Framework

Capturing the world through photography, video and multimedia

Mining town stuck on the shoulder of the information superhighway

By Mike Anton

Here on the shoulder of the information superhighway, smartphones turn stupid, streaming videos shrink to a trickle and a simple download drags like a flat tire.

Darwin is a former mining town cloistered in the high desert mountains between Death Valley National Park and the China Lake naval weapons testing center. Finding it isn’t easy — a sign that marked the turnoff from California Highway 190 was stolen recently.

In Darwin, there is no food, gas or lodging — or any businesses, for that matter. There is one stop sign. People emerge from their mobile homes and reclaimed miner’s shacks shortly after 11:30 each morning and walk to the post office to greet the mail’s arrival.

A sign at the edge of town announces Darwin’s population as “50 or so.” It’s actually about three dozen, and they are outnumbered 3 to 1 by abandoned cars. There are retirees, artists, loners, eccentrics — independent souls who’ve accepted that the price of living in California’s tranquil outback is a 90-mile drive to the nearest shopping center.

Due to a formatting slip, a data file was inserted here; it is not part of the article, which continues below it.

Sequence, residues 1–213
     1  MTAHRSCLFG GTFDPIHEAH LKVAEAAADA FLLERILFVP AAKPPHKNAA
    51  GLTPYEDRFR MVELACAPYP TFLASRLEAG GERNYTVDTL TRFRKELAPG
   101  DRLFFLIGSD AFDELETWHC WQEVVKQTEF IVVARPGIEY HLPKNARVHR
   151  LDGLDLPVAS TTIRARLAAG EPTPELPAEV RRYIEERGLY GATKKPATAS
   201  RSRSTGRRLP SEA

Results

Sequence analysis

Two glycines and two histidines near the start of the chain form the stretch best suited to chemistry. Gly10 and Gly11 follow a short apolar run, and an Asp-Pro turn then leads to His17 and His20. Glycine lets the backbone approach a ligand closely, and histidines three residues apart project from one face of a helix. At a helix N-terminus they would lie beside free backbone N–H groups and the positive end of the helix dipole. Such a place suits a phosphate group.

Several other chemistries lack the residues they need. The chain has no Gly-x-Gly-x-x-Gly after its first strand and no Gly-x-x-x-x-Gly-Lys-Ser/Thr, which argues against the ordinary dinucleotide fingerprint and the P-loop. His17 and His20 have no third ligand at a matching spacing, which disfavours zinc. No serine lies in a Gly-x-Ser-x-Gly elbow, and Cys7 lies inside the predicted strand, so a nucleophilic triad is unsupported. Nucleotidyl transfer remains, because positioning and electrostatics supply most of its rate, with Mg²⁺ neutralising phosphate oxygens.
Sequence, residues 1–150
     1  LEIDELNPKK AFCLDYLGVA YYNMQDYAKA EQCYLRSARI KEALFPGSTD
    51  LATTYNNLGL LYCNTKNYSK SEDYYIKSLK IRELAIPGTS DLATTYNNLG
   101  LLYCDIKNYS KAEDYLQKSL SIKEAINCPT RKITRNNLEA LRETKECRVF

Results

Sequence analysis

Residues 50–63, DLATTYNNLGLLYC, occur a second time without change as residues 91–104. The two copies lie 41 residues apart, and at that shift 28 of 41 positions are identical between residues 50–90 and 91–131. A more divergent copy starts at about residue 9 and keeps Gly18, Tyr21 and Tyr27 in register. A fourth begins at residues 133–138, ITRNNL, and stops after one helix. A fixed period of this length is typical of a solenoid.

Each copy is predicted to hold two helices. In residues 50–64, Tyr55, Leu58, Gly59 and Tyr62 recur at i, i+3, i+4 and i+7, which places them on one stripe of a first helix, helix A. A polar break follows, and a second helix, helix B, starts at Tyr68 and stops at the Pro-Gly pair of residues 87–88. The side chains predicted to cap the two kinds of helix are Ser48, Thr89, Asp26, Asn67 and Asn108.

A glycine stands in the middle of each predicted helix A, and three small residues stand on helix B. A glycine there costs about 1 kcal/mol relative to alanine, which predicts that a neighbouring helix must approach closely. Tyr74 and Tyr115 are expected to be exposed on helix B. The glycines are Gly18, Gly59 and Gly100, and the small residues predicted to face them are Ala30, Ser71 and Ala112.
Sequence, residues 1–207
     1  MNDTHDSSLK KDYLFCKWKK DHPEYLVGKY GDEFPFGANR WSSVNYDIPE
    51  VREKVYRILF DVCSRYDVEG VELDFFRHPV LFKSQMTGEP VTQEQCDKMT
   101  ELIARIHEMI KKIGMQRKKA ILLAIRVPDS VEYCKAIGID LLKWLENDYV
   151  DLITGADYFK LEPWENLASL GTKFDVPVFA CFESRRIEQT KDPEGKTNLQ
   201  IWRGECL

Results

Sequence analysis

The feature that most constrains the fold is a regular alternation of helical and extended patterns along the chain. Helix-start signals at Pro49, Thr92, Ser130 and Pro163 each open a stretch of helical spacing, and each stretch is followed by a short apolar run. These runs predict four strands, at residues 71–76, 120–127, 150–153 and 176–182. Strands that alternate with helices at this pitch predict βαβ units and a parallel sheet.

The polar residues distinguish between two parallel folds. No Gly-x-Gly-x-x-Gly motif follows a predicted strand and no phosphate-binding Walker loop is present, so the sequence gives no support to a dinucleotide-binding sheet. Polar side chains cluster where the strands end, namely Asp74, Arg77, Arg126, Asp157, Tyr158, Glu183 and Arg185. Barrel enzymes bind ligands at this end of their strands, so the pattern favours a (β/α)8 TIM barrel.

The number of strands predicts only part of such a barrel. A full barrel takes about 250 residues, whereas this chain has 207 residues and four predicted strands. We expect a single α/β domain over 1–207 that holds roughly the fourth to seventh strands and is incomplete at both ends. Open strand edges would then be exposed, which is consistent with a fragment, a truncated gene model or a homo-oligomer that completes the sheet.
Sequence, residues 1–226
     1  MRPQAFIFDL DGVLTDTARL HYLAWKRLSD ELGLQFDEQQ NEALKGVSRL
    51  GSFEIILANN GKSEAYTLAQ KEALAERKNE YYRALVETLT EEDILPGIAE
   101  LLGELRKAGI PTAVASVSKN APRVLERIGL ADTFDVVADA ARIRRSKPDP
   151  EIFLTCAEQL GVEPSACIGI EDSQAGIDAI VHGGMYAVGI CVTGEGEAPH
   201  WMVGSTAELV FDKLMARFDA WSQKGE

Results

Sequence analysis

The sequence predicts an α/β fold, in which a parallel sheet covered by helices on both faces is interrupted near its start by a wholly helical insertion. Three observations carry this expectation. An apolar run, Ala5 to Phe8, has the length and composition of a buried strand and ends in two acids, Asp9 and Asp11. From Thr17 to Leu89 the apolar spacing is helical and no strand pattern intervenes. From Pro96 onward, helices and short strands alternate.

Read story

2 Comments

  1. March 12, 2012, 7:35 pm

    Been there, done that. Satellite (Wild Blue, Hughes, et al) covers most of the U.S., so there is a solution if they're willing to pay for it.

    By: A. Yelvington
  2. June 5, 2012, 10:12 pm

    yeah, well if you havent guessed this is a town full of hippies that dont want to pay for it.

    By: ivars

Add a comment or a question.

If you are under 13 years of age you may read this message board, but you may not participate. Here are the full legal terms you agree to by using this comment form.

Comments are moderated, and will not appear until they've been approved.

Required

Required, will not be published

Advertisement
SHOP LA TIMES PHOTOS
Browse All Photos »

RECENT COMMENTS